Furthermore, we have Senegal and Cape Verde already publicly committed to publishing such reports. But it takes time to compile a report, especially given the multi stakeholder process. We see that in a number of countries. In the Seychelles, it took 18 months from the formation of the [stakeholder] group [which compiled the report] to the publication of the report. 

SeafoodSource: Why are fishing nations keen to comply with the FiTI standard?

Biermann: It depends on what the country wants to achieve. Some of the countries do it for economic reasons. Also, transparency is increasingly demanded by businesses in the supply chain, development partners, and investors. All want to understand the industry better. What we also see in a number of countries also is the sector is not getting enough appreciation, which means that groups get marginalized, for example artisanal fishers. Transparency is a way to raise the profile of these groups. And with it the political priority and relevance. Lack of transparency has a big impact on shining light on illegal activity and it can act as a deterrence for bad behavior. Information affects behavior.

SeafoodSource: Can you briefly describe the data required in the reports which countries compile, do you set the standards the report must comply with?

Biermann: The FiTI standard sets the information that needs to be published. That does not mean that countries need to have perfect information on all of the 12 transparency requirements [covered by the FiTI standard], as they may not have the funds to gather all such information. But governments need to be transparent about that. They need to state what information is available and what information has not been collected so far. Also, some countries can go beyond the minimum 12 transparency requirements of the FiTI standard.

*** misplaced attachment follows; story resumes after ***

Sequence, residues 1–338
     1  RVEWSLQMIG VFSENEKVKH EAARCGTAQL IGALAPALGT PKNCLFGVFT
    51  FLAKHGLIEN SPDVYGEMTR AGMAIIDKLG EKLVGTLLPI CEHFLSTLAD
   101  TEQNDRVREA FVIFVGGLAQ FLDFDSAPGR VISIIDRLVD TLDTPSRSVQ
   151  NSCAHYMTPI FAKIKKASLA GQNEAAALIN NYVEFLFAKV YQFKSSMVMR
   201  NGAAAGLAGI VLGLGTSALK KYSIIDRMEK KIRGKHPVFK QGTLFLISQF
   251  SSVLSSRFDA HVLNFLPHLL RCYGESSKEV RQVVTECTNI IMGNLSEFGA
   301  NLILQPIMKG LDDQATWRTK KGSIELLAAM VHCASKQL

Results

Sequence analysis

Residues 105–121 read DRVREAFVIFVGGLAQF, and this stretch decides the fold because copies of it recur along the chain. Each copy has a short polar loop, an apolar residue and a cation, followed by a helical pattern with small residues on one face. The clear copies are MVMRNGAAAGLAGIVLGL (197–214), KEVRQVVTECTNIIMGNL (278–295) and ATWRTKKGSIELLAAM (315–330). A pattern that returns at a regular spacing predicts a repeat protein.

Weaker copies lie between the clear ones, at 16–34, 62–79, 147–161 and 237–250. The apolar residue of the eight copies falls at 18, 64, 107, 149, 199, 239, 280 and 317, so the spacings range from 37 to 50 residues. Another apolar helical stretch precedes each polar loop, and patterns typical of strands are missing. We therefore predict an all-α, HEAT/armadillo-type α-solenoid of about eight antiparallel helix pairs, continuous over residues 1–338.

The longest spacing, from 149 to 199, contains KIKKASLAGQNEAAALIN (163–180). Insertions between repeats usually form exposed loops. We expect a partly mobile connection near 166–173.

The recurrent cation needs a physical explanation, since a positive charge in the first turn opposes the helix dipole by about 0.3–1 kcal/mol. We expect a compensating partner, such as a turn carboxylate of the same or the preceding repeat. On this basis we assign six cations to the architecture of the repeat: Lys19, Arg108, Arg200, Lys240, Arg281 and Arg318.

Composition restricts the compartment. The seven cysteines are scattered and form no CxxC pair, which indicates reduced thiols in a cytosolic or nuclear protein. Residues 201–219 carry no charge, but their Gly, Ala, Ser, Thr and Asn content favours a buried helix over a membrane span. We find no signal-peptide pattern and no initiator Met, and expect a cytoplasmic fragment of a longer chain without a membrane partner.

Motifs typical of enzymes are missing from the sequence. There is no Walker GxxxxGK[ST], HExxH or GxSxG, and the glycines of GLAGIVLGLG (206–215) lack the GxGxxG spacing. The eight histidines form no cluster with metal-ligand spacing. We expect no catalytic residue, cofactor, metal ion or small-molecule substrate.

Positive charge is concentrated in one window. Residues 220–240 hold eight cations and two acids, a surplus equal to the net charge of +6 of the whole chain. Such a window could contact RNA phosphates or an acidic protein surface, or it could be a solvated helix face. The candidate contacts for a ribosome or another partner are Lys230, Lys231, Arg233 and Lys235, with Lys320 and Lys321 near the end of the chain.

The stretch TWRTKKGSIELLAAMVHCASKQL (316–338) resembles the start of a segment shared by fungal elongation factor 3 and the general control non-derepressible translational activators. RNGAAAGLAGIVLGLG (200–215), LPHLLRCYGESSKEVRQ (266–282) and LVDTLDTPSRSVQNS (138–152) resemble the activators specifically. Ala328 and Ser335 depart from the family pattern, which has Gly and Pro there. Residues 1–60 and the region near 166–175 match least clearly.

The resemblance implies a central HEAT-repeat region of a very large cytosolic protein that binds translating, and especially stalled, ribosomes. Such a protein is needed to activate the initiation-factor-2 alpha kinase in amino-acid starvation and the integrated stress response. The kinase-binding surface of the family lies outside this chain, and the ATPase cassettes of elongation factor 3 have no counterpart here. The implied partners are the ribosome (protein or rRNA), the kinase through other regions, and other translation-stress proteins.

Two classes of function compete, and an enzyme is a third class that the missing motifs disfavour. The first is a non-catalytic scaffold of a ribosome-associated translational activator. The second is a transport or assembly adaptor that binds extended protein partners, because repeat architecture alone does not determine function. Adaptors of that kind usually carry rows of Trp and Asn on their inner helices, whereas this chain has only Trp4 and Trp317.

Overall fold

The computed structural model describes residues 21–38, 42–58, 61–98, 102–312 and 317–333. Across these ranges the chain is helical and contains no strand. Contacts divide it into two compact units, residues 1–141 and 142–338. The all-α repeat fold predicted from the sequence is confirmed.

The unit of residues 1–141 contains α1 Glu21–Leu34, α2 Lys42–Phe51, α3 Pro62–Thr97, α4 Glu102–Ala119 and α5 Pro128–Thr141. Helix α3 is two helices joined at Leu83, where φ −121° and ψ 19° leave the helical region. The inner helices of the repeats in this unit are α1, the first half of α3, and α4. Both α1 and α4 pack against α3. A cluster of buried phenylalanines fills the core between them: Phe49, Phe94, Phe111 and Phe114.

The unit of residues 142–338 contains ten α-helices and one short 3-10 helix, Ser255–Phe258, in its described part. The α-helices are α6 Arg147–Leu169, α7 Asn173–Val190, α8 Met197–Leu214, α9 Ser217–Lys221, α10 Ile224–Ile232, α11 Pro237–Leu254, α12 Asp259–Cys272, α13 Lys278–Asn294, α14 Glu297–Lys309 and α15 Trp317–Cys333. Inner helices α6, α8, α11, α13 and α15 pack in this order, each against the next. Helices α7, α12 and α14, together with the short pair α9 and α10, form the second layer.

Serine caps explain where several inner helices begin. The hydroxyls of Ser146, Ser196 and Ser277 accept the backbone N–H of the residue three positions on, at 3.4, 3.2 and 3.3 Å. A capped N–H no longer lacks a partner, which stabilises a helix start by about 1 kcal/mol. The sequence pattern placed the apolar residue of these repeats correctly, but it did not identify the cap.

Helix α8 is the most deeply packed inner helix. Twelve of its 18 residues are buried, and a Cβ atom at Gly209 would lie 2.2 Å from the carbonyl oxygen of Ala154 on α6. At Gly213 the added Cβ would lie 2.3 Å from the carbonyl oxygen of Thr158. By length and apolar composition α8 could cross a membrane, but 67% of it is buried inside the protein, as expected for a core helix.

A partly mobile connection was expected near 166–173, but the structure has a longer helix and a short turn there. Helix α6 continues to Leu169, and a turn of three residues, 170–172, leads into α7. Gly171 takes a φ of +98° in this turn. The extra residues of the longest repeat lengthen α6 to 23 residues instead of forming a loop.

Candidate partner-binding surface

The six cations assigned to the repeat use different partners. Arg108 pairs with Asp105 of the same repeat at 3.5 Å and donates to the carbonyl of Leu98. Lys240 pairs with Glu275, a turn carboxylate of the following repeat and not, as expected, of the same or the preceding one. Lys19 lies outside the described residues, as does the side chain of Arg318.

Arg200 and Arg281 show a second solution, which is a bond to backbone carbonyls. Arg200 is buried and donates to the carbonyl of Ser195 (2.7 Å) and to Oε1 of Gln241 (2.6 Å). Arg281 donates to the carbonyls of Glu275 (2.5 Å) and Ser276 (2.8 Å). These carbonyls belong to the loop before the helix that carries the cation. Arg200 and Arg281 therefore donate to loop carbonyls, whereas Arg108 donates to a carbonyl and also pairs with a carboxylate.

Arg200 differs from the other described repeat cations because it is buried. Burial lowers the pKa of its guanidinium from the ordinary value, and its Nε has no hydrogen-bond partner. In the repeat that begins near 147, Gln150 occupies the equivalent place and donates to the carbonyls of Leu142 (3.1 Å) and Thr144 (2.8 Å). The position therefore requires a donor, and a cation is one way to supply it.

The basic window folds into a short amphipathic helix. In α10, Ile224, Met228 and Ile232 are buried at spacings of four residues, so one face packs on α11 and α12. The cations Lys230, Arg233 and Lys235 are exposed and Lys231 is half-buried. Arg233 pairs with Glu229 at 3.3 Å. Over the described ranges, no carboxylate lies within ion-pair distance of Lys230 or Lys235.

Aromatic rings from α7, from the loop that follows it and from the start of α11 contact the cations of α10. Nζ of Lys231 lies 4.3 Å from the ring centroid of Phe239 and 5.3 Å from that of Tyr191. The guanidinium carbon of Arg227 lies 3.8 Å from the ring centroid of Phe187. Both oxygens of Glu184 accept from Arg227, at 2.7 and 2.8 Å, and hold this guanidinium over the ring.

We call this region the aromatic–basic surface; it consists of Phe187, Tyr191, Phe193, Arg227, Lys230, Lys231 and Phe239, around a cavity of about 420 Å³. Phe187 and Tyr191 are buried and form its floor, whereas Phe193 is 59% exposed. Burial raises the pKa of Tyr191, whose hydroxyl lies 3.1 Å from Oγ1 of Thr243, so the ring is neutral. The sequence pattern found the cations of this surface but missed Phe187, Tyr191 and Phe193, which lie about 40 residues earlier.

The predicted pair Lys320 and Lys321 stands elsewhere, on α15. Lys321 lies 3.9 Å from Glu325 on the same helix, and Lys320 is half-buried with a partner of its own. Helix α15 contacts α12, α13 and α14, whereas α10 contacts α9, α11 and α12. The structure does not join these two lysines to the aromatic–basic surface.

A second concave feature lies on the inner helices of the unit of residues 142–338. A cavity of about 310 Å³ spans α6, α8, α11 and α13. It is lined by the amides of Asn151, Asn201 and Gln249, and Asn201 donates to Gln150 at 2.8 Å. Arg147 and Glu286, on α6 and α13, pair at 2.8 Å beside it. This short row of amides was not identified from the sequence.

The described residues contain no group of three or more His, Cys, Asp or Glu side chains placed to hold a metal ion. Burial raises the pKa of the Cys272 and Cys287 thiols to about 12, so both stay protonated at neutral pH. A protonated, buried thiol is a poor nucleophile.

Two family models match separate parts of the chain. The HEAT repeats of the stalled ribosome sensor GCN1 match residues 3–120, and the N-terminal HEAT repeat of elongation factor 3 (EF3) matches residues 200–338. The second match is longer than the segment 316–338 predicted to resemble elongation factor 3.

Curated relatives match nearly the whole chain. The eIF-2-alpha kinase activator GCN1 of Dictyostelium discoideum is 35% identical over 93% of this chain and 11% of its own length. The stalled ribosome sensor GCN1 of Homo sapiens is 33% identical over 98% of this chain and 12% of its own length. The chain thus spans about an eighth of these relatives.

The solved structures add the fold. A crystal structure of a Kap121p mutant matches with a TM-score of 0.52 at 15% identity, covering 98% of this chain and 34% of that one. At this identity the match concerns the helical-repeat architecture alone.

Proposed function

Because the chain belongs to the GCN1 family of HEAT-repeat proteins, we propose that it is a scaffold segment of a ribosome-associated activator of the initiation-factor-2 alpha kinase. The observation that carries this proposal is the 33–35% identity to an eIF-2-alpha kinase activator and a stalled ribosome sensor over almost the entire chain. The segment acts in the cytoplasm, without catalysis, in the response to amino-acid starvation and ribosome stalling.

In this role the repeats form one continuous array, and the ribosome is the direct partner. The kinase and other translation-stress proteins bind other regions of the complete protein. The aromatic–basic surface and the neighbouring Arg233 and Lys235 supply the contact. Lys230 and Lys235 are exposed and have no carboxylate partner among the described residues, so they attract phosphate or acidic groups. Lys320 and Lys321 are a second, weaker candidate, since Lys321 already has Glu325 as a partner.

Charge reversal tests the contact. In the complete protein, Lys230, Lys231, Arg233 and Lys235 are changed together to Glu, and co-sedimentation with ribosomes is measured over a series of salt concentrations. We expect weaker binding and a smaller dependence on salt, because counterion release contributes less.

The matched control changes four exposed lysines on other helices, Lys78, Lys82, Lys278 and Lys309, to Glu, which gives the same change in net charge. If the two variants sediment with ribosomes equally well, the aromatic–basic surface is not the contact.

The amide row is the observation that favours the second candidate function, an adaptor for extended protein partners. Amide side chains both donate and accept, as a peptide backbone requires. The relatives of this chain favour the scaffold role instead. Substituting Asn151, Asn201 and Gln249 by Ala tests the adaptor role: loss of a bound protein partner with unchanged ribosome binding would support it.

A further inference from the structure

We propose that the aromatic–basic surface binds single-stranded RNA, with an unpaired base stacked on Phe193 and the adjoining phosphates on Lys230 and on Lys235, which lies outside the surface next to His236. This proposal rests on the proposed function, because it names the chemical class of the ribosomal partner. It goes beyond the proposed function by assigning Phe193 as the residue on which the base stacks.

SeafoodSource: Can you give an example of a new criteria being suggested?

Biermann: There is a lot of demand regarding transparency on FADs [fish aggregating devices], not in the sense of position-based data, but on their governance rules, such as logistics for location and reshoring them. If the demand for such information is increasing, the FiTI International Board might decide to update the FiTI standard over the next two or three years.

SeafoodSource: Do you provide financial assistance to help countries compile their reports?

Biermann: No, we do not provide financial contributions to countries, but we do put them in touch with potential donors. In both cases – the Seychelles and Mauritania – the report compilation has been paid by external donors.

SeafoodSource: Are there instances where secrecy is justified in the signing of fishery access deals?

Biermann: No, not after a deal has been signed. I believe there is no justified reason why the details should not be publicly available. Obviously, there needs to be space of confidentiality during negotiations. Under the FiTI standard, countries that join may have a number of contracts with confidentiality clauses in them. For example, the Seychelles report shows that the country has five such access agreements, allowing foreign vessels to fish in its waters. Two are now publicly available, and two are not due to confidentiality clauses. The government has two more years to make these two publicly available. And the fifth appears not to be a written agreement.

SeafoodSource: Are distant-water fishing companies from, for example, China okay with fishery access deals they have signed in the Seychelles and Mauritania being made public?